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Concert at Sewefontein, Bloemhof
Santu Mofokeng
Artwork 1989
Santu Mofokeng’s monochrome photograph ‘Concert at Sewefontein, Bloemhof’ depicts four individuals standing in front of a wall.
Artwork: Santu Mofokeng, Concert at Sewefontein, Bloemhof (1989). Silver gelatin print. 100 x 150 cm. Private collection.
Artist Santu Mofokeng Title Concert at Sewefontein, Bloemhof Date 1989 Materials Silver gelatin print Dimensions 100 x 150 cm Edition Edition of 5 Credit Private collection

In 1988, Mofokeng began documenting the lives of tenant labourers in the township of Bloemhof, North West Province. The resulting series of three interconnected photo-essays offers intimate insight into a small poverty-stricken community and their participation in South Africa’s democratic election. These essays form part of a larger project, Mofokeng's Stories (1986–2004), a photobook of eighteen parts, which was included in the exhibition Photo book! Photo-book! Photobook! at A4.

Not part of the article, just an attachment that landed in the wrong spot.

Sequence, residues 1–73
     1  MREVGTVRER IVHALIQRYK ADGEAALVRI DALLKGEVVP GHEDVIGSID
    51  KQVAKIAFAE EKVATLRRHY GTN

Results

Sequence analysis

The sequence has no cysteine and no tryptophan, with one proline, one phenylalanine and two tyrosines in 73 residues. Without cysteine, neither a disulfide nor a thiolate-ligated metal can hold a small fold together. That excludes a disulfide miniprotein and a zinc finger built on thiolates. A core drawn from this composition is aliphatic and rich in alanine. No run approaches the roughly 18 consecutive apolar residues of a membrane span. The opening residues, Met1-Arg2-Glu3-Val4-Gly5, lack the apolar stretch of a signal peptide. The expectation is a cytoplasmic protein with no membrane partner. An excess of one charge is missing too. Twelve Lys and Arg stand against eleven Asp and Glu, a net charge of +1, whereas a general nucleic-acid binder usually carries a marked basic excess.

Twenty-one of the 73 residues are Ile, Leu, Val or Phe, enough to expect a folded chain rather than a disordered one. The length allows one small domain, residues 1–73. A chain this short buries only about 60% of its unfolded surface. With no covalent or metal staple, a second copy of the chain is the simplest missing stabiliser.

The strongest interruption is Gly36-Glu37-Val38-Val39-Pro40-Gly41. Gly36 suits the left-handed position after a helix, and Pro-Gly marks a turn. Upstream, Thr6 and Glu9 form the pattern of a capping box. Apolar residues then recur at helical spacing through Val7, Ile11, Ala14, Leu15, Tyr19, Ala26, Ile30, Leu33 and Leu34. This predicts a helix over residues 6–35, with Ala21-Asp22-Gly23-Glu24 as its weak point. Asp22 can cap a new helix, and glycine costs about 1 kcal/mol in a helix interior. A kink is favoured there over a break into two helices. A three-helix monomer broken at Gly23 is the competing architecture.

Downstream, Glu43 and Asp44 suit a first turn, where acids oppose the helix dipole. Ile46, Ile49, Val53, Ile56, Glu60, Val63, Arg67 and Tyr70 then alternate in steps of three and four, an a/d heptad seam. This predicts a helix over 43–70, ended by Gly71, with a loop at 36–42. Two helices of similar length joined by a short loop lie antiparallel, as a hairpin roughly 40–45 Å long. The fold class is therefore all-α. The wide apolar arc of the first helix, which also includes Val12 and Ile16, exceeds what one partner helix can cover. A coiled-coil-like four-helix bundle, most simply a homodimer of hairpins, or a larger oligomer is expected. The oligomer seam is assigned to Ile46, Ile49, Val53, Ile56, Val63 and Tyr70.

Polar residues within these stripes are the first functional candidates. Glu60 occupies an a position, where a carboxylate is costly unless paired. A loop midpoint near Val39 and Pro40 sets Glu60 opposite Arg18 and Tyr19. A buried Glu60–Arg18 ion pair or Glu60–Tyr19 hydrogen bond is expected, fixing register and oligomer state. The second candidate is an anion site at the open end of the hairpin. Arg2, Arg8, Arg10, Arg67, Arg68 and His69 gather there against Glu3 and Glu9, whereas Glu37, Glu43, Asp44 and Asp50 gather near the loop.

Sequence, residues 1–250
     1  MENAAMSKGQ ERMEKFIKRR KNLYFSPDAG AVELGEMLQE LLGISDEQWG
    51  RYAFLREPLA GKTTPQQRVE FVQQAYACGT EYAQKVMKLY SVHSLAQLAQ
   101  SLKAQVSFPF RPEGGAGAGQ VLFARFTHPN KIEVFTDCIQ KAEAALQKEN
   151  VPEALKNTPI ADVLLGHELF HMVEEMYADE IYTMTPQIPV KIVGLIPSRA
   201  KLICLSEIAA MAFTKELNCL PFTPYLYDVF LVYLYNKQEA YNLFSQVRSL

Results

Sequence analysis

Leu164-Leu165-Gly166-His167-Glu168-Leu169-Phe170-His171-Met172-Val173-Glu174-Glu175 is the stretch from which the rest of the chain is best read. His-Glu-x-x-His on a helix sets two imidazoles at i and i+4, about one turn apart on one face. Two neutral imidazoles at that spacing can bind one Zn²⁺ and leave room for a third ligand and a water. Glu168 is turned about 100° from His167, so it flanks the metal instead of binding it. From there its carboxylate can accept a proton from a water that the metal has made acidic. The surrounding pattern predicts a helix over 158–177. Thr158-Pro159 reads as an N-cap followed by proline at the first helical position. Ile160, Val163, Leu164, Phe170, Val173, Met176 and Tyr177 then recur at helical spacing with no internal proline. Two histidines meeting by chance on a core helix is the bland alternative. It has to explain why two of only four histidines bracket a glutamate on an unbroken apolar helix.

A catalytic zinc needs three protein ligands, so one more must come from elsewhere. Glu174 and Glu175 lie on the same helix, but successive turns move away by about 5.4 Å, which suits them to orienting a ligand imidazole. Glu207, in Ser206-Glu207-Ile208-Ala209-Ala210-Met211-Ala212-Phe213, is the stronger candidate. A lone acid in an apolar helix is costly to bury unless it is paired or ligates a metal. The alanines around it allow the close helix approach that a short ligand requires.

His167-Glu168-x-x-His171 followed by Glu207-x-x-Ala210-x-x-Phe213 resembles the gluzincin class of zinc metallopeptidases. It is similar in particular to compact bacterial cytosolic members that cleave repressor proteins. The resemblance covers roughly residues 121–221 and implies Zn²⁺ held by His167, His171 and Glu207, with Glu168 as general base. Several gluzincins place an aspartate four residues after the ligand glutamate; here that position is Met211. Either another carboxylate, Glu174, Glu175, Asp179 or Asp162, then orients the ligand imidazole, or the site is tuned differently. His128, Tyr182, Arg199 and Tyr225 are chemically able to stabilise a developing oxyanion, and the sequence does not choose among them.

“I am interested in the ambiguity of things,” the late photographer Santu Mofokeng wrote. “This comes not from a position of power, but of helplessness.” In many of his pictures, this ambiguity appears as a spreading opacity, a diaphanous pall of rising smoke, mist or dust. Mofokeng grew up, he wrote in his essay Caves, “on the threshing floor of faith…and while I feel reluctant to partake in this gossamer world, I can identify with it.” An agnostic observer attuned to the spiritual lives of others, the pervasive haze that softens so many of his pictures more often takes on a poetic significance. There is to all Mofokeng’s works a distinct quietude – the artist looking not to political drama but to life’s minutiae, those “things I ordinarily do or see.” The tumult of the times, Mofokeng believed, need not be made explicit in photographs. Rather, he suggested, “the violence is in the knowing”; latent in the very places and people he pictured. "His voice, his awareness of where he was in space and history, his ability to think around what he was doing,” Joshua Chuang said of the artist in conversation with Sean O'Toole at A4, “wasn’t predictable but open and raw and simultaneously hidden."